In 1959 an 11 1/2 inch doll went on sale and in the 57 years since, more than a billion have been purchased for children all over the world. The doll’s name was Barbie. And I was one of those kids. I loved Barbie then, and as I found out last week it would seem that some 25 odd years later, I still do. Though it’s been a long time since I’d given Barbie much thought (I did buy one for my niece at Christmas but that’s been about the extent of it) last week at the Barbie Expo in Montreal I was transported back to being a kid, around 5 years old. I vividly remember going into my mum’s wardrobe to try on her high heels (my love for shoes also started young) when there she was, hiding in the cupboard (not very well it has to be said! Schoolboy error there Mum and Dad….), ‘Blizzard Barbie’! I didn’t know who Barbie was and I definitely didn’t know what the word Blizzard meant but by the picture on the box I knew she was for me and I knew I wanted to play with her. Oh 5 year old me knew that Barbie was indeed something special. However, Barbie I was also sure, was meant to be a present. I can’t recall if it was for my birthday or Christmas but I knew I shouldn’t have found her. I remember my mum reassuring me that I hadn’t ruined my surprise because I didn’t know what Blizzard Barbie actually was. (It turns out Barbie was kitted out in snow gear, perhaps a sign of where I’d end up living all these years later, and Blizzard was the name of her horse). I was obviously placated with this, though I didn’t forget about her. I knew she was hiding in there and I knew soon she would be mine and when she was, well that was that, my love for Barbie was sealed.
So all these years later when I heard there was a Barbie exhibition happening in Montreal my curiosity was peaked and I had to pay it a visit. It’s not just any exhibition either, it’s the largest [permanent] exhibit of Barbie dolls anywhere in the world. Located within the Les Cours Mont-Royal shopping centre in Downtown (1445 Peel Street) it is now the home of over 1000 Barbie dolls. The exhibition itself is open 7 days a week and is free to enter, though there is the option to leave a donation for the wonderful Make A Wish foundation. It is beautifully yet simply presented, with a stunning water feature in the middle of the room, chandeliers hanging from the ceiling and shiny pristine white walls with glass cases full of exquisitely designed Barbies throughout.
There are three types of Barbie on display. The first being those of varying nationalities from around the world. The choice of dress for some of the Barbie’s representing each country I am a little dubious about, and as for ‘Winter in Montreal’ Barbie I would love to know where, during a Montreal winter, you can wear this outfit to. I feel my ‘Blizzard Barbie’ might have been more apt here, but I wont hold this against you Barbie.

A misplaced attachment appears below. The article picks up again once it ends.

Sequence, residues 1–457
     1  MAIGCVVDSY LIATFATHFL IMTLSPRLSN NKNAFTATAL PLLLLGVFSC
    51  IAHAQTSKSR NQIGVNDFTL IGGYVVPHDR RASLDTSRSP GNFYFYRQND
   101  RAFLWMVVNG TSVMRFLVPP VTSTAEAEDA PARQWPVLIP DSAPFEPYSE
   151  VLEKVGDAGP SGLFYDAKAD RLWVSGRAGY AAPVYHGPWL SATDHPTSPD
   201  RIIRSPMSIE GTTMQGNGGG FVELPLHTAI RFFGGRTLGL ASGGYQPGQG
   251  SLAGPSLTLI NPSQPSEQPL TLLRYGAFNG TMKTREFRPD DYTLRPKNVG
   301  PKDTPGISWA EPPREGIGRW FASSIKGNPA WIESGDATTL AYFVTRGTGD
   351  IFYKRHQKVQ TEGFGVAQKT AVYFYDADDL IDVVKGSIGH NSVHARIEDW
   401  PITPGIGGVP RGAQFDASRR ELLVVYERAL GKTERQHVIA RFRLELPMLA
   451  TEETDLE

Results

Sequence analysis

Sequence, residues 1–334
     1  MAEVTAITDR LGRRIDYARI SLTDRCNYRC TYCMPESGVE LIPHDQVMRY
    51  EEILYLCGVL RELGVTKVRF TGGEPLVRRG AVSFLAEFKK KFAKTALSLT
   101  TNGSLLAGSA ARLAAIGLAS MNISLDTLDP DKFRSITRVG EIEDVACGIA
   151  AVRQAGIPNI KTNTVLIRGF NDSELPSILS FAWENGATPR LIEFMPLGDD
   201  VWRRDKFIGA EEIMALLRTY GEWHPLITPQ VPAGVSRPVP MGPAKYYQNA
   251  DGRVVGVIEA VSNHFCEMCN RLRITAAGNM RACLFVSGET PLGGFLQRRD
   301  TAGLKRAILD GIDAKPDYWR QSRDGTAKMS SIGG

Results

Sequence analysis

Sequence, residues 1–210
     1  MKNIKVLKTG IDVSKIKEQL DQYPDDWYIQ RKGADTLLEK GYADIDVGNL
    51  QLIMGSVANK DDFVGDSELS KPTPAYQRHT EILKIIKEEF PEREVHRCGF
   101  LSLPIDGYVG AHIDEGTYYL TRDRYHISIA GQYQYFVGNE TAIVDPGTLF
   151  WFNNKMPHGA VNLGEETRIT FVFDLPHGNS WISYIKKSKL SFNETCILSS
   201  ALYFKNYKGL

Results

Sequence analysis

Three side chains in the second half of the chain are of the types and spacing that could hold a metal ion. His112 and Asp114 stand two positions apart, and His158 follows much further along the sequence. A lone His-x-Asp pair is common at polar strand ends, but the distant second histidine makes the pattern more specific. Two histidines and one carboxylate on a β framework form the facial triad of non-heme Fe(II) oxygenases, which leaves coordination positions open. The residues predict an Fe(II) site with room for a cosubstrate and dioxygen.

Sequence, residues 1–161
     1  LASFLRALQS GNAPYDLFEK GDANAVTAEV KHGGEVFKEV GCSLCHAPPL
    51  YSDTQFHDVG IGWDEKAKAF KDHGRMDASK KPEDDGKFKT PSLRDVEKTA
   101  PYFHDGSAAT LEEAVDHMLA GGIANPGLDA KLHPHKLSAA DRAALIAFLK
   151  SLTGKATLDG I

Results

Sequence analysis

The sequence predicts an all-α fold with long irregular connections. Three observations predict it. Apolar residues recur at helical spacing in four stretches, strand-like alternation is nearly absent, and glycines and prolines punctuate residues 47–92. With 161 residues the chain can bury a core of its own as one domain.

Then there were the Public Figure Barbies – those designed to imitate the famous faces of the stage and screen we all know and love as well as some Royalty. My favourites in this section had to be the Hollywood Icon Barbies – Audrey Hepburn, Grace Kelly, Elizabeth Taylor and Marilyn Monroe.
And finally there was my favourite section – the Barbies whose outfits had been designed by some of the world’s best and most renowned fashion designers (Zac Posen, Christian Louboutin, Carolina Herrera being just a few). I know maybe it’s wrong to be jealous of a doll but when she’s wearing Vera Wang I think it’s understandable. Barbie was the first fashion doll and although others have came since none have ever been able to replicate her success so it seems only right that she should be given the opportunity to wear clothes created by these world class designers.The intricate detail that went into some of these creations was remarkable and for me this was the highlight of the exhibition.
Barbie is of course though, no stranger to controversy, having provoked much debate over the years, much of which relating to her lack of diversity and whether this blonde haired, blue eyed beauty with such a teeny tiny “perfect” figure can really be a positive role model for children. Barbie’s creators have taken on this criticism, to some extent at least, and have adapted her over the years. Variations of Barbie are now available in over 40 nationalities, a variety of skin tones, hair and eye colours and Barbie’s waist measurement has also increased over the years (though us mere mortals can still only dream of a figure like Barbie’s!) Despite some people’s misgivings about Barbie she has also had over 150 careers, everything from fashion designer to rock star to doctor to astronaut, and so in that sense is showing young kids that you can be anything you want to be. I do understand the concerns but in the celebrity obsessed world in which we live I personally think Barbie’s perfection is a tiny issue in a much greater problem. Mattel who make Barbie claim that 3 Barbie dolls are sold every second so regardless of your opinion,you can’t deny its popularity. And if she can make children today as happy as she did that 5 year old me, then long may her reign as the queen of fashion dolls continue.
N.B. The glass cases, although displaying Barbie beautifully in person, do unfortunately effect the quality of some of the images of the dolls dependant on where they are situated